Most election years, if a district has only one candidate on the ballot for the general election, it’s almost a sure bet the candidate will be elected.
This year, however, sees a campaign being mounted for write-in challengers to Aaron Coleman, 19, who upset Rep. Stan Frownfelter in the Democratic primary for the 37th District.
Rather than being “for” issues, the write-in candidates seem more motivated by being “against” Coleman, who during the primary campaign admitted to revenge porn and bullying when he was younger. There also were allegations of abuse against a girlfriend. Coleman also was criticized for social media comments that some said were inappropriate, such as wishing people who went to rallies without masks got COVID-19.
There may be many write-in candidates in the 37th District, and they are not required to register with the secretary of state’s office.
‘Stop Coleman’ effort announced
Today, a new “Stop Coleman” effort was announced, complete with a political action committee to provide funding.
“We thought it would be a good idea to create an organization that specifically focused on letting voters know about the conduct of Aaron Coleman,” said Edward Rosson, chairperson of the PAC. “While others figure out their strategy, we could be doing the work to let those others be successful.”
He said they plan to fund social media campaigns and mailers to voters in the 37th District.
Rosson, who lives in Lansing, Kansas, registered the Stop Coleman PAC to a post office box address in Lebo, Kansas, according to campaign finance records. The PAC’s treasurer, Jamie Jarvis, is in Lebo, which is in Coffey County.
While he doesn’t live in Wyandotte County, Rosson said he worked almost the entire election cycle in 2018 here with the Brent Welder campaign for Congress, then with the Progressive Turnout Project. This year, Rosson worked with the Bernie Sanders campaign in Iowa, and he is currently the 2nd Congressional District director for the Progressive Turnout Project.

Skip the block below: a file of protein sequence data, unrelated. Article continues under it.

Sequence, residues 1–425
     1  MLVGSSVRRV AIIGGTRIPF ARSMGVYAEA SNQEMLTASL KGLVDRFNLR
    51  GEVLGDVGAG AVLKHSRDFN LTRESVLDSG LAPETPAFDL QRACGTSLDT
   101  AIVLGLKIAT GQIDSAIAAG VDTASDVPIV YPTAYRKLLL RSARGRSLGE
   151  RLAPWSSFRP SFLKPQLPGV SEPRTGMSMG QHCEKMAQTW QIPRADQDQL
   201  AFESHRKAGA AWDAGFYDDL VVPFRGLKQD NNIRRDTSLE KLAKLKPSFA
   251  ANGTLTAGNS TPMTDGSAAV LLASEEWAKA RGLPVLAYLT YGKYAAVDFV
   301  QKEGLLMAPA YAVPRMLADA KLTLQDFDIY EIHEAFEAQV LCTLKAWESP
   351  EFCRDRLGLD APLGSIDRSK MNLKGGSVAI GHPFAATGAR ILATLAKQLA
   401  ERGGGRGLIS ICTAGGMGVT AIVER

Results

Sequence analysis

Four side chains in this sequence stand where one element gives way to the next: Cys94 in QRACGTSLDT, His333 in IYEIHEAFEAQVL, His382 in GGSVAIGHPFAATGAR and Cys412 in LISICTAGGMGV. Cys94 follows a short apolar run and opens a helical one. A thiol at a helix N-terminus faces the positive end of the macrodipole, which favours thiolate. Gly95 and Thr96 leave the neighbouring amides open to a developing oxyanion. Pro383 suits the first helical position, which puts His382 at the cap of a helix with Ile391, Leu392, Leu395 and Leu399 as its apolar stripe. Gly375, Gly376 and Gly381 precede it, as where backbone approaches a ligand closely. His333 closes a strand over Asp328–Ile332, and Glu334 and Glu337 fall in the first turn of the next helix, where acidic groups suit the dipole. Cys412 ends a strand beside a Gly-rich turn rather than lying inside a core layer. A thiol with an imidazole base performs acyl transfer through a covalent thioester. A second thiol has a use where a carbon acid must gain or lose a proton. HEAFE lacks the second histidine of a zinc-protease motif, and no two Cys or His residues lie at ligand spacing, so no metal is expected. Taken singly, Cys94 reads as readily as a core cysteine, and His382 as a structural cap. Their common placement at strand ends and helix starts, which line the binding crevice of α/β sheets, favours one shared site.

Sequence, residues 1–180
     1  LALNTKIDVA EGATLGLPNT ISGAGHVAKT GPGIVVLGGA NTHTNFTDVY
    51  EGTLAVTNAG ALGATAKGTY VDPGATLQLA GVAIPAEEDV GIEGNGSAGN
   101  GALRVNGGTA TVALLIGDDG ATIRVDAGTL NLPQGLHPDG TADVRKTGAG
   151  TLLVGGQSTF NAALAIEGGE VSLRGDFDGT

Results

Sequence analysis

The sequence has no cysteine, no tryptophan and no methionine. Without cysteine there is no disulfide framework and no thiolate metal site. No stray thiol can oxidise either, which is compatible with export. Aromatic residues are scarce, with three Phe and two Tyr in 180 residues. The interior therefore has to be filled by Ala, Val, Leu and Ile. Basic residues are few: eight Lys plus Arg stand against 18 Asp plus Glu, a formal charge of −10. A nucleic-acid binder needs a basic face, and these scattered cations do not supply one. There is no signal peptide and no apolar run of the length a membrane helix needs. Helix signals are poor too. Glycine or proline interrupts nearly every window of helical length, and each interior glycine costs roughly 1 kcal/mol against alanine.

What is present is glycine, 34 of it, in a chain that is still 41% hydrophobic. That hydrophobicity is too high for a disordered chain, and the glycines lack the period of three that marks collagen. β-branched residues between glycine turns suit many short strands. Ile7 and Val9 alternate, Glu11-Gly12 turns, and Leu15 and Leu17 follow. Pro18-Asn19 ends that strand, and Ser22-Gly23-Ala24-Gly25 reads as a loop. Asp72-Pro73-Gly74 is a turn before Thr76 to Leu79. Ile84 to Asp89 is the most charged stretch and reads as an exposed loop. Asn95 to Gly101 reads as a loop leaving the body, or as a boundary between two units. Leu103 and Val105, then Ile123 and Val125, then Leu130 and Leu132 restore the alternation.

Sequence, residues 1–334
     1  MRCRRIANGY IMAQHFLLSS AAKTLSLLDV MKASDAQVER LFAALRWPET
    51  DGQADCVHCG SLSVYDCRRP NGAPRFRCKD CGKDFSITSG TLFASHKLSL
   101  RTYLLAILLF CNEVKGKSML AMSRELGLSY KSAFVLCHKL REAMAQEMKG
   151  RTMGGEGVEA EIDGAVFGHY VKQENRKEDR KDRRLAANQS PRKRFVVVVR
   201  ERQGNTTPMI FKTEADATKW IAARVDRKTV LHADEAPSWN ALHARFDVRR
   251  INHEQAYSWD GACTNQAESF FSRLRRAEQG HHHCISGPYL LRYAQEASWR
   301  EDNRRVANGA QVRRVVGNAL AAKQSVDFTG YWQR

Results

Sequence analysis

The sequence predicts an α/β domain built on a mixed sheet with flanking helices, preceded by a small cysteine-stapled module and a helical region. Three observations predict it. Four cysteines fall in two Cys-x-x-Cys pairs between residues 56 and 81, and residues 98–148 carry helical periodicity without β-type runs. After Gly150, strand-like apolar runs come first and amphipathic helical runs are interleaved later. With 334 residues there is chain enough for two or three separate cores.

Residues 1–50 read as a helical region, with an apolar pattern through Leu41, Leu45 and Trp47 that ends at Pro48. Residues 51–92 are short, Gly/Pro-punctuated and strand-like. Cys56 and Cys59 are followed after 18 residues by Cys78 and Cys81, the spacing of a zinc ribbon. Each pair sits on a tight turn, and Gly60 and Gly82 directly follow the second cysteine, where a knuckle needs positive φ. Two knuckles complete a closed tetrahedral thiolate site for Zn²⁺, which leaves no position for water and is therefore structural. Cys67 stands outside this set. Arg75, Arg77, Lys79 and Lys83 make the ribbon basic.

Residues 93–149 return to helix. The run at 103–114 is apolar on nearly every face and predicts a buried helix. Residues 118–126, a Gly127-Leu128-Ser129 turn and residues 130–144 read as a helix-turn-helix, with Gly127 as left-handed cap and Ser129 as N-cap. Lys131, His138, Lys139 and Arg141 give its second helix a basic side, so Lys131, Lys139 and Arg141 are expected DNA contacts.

“His (Coleman’s) platform is certainly progressive, but the things that came out about his conduct and his treatment of people is in my view anathema to progressive values,” Rosson said today. “You cannot consider yourself a progressive and harass and abuse people.”
He said he doesn’t think most of the voters in the 37th District had heard of Coleman’s past mistakes.
Rosson said he isn’t sure if the consensus alternative will be Rep. Frownfelter or if another write-in candidate will emerge.
He said by the end of today, he’ll probably have $200 in donations to the PAC that will be used for social media and for political literature to be distributed in the district.
Coleman has described himself as a progressive who is in favor of legalizing marijuana, universal health care, defunding the police and free community college tuition.
After winning the primary election, Coleman said he would withdraw, then a few days later he changed his mind and decided to stay in the contest.
Coleman said last month that he thought it would be too hard to run as a write-in candidate. He’s tried it himself in the past and it is too difficult, he said. He ran for governor previously, and also ran for Board of Public Utilities last year.
Although there has been much criticism of Coleman’s past behavior, one person who was in favor of Coleman staying in the race was State Sen. David Haley, D-4th Dist. Seven of the precincts in the 4th District also are in the 37th District.
Sen. Haley said he had been a supporter of juvenile justice initiatives in the past that call for second chances for juveniles, and he didn’t want to be inconsistent now and deny Coleman a second chance.
Write-in candidates have one thing in common – opposition to Coleman
There are three write-in candidates we’ve heard of so far: Rep. Stan Frownfelter, Kristina Smith and Keith Jordan.
The week of the primary election results, Rep. Frownfelter, 69, said he would run as a write-in candidate in the general election Nov. 3. Rep. Frownfelter has been in office since 2007 and he described his positions on the issues at http://wyandottedaily.com/questionnaire-rep-frownfelter-seeks-re-election-to-37th-district/. (See also http://wyandottedaily.com/coleman-wins-37th-district-nomination-by-14-votes/)
The two other write-in candidates for the 37th District include Kristina Smith and Keith Jordan.
GOP candidate launches write-in campaign
Kristina Smith, the treasurer of the Wyandotte County Republican Central Committee, didn’t decide to run for office until after the June 1 filing deadline.
It wasn’t until Coleman came by her house to campaign that she thought about running, she said. They talked about a half-hour and “I just did not agree with his policies and I told him I didn’t agree with him,” she said.